It should be no surprise to anyone that rape is, shall we say, a controversial crime. It shouldn’t be, but in the world we live in, it is. Women are often blamed for their own sexual assault and men are excused because they apparently lack any kind of self control. We know this. We also know that, according to the anti-sexual assault organization RAINN, the Justice Department estimates that 60 percent of rapes go unreported.
It’s hard to blame anyone for not reporting a rape. Not withstanding the social abuse reporting entails, only three percent of rapists spend any time behind bars. It certainly doesn’t help that, when a woman does report a sexual assault, the DNA evidence often sits untested for years. According to numbers from the Justice Department, there are an estimated 400,000 untested rape kits in cities across the country. The crisis has become so bad that there was a bipartisan effort in Congress to allocate $41 million for testing rape kits (an effort which was, unfortunately, stalled in the Senate of all places because of other issues.)
There’s another layer to this that makes the whole situation even more problematic. Testing rape kits takes a lot of time and money, and law enforcement has a lot of flexibility to decide which kits get tested and which ones don’t get priority. According to The Economist:
Most law-enforcement bodies have discretion over what they test, and many shelve kits if a victim seems untrustworthy or a suspect has already been identified, according to the National Institute of Justice, a research arm of the Department of Justice. Police also give priority to cases in which the suspect is a stranger and the victim is visibly injured. Yet perhaps eight in ten rapes take place between people who at least vaguely know each other, and most lack signs of violence. Acquaintance rapists are often chronic offenders, says David Lisak, a clinical psychologist.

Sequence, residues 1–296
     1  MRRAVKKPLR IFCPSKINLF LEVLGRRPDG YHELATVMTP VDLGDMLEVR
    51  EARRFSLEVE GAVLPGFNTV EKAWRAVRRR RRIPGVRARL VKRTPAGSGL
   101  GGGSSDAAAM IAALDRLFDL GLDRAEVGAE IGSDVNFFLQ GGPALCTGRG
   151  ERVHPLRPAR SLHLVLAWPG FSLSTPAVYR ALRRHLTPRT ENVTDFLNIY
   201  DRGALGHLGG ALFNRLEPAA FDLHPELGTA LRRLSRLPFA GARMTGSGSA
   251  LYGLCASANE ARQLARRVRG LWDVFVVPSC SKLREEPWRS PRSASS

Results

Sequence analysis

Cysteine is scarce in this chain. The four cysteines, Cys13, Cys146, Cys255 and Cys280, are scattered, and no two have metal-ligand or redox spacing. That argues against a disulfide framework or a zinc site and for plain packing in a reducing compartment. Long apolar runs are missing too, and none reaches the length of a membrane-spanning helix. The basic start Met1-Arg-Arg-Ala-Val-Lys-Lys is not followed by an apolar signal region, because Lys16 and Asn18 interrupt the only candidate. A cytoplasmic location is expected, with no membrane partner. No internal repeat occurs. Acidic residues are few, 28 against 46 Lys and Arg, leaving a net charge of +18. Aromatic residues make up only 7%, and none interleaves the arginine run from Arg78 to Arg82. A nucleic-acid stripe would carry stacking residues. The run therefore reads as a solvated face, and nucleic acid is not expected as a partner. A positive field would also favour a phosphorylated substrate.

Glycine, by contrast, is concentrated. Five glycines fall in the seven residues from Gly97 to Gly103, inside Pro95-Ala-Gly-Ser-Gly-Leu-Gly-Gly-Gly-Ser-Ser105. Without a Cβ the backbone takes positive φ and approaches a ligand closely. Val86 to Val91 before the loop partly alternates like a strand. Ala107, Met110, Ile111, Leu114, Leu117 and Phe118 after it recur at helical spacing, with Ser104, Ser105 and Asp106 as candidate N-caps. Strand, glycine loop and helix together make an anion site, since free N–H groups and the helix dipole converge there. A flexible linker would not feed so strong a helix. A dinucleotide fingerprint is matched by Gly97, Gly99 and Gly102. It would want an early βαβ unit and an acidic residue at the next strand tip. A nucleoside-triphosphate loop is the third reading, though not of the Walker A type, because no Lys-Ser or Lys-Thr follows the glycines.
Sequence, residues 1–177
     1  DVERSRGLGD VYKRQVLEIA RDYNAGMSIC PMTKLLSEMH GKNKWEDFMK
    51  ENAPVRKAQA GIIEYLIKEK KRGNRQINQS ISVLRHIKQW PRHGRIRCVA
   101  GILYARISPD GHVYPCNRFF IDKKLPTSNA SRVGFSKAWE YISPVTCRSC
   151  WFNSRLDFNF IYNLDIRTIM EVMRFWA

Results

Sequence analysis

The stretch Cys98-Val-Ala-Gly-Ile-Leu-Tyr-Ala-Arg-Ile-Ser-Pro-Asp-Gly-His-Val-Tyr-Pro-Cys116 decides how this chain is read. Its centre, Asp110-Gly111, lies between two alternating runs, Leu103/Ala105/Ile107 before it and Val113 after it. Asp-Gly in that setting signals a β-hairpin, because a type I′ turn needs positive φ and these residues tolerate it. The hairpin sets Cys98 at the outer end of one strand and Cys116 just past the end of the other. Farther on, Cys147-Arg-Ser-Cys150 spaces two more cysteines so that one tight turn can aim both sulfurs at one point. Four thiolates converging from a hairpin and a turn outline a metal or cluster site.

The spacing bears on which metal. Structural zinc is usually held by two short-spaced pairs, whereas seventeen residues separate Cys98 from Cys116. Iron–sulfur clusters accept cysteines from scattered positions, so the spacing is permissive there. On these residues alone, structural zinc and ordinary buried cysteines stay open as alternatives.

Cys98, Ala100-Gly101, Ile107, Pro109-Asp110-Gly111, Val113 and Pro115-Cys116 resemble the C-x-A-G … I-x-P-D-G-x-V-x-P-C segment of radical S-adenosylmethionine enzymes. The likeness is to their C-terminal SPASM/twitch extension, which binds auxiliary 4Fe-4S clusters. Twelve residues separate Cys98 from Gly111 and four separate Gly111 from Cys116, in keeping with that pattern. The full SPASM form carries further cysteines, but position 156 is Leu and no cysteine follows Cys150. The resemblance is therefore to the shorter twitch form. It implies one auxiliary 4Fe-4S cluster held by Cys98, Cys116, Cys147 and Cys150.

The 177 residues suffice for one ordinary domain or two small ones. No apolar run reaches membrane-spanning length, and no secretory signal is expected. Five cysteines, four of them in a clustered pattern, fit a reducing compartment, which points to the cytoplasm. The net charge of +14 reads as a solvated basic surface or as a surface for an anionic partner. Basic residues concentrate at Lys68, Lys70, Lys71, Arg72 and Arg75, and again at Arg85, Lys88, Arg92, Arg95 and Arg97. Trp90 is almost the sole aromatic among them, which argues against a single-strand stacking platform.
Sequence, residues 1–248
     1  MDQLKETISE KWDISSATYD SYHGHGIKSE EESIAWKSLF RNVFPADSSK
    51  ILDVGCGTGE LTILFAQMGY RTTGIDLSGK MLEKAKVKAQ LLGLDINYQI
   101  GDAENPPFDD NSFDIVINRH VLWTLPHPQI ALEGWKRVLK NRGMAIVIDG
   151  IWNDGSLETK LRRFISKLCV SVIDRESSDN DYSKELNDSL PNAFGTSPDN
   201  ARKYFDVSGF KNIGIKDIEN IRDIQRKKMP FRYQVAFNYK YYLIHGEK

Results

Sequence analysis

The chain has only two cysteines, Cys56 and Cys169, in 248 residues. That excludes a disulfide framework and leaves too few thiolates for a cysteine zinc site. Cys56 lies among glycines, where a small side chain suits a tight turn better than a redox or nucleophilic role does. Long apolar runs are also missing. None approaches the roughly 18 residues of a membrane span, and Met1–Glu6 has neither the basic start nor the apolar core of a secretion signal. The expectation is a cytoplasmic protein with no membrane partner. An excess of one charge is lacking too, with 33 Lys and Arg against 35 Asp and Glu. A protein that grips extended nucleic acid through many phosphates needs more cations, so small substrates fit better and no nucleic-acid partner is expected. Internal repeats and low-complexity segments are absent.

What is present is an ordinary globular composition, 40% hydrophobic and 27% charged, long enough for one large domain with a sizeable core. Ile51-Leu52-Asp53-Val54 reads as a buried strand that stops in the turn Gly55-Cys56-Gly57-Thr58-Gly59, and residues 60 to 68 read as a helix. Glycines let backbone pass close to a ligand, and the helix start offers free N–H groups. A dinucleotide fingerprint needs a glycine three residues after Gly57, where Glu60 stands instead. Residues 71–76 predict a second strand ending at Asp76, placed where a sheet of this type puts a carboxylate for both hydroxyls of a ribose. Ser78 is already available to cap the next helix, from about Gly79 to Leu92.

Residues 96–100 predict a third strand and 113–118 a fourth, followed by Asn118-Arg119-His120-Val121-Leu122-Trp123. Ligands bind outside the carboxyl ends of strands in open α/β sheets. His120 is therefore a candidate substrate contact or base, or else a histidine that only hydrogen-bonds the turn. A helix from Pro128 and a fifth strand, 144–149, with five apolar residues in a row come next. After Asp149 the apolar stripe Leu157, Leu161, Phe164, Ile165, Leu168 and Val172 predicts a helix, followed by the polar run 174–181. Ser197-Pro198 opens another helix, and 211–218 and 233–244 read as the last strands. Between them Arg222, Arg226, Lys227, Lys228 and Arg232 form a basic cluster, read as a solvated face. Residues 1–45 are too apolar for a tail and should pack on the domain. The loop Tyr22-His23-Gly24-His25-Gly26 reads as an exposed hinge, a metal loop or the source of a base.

There is a myth in our culture of the good rape victim. A good rape victim is attacked by a deranged stranger. A good rape victim screams “no” at the top of their lungs. A good rape victim viciously fights off their attacker.
This, however, is not how most rapes go down. The vast majority of rapes are perpetrated by someone the victim knows. And there are a variety of reasons a rape victim might not fight back. Remember that rape is sex without consent. A rape victim might be too drunk to consent, or passed out. He or she might fear for their lives and might be afraid that fighting back will escalate the violence. Where consent is not obtained, a rape occurs.
I understand the latitude given law enforcement. You want to get the perp and you definitely want to be sure to prosecute those types of open and shut cases, especially when money and time are in finite supply. But really what they’re doing is prioritizing “classic” rape cases — stranger rape, violent rape — over the vast majority of cases, which means that the vast majority of victims are being left without justice.
Make no mistake, testing each rape kit is essential. As Detroit moves through it’s backlog of 11,000 untested rape kits, 100 serial rapists have been identified in the first 1,600 kits they tested. Think of how many rapes could have been avoided if we just took sexual assault seriously to begin with and stopped giving preferential treatment to only a certain type of rape.
Photo Credit: Alan Cleaver via Flickr
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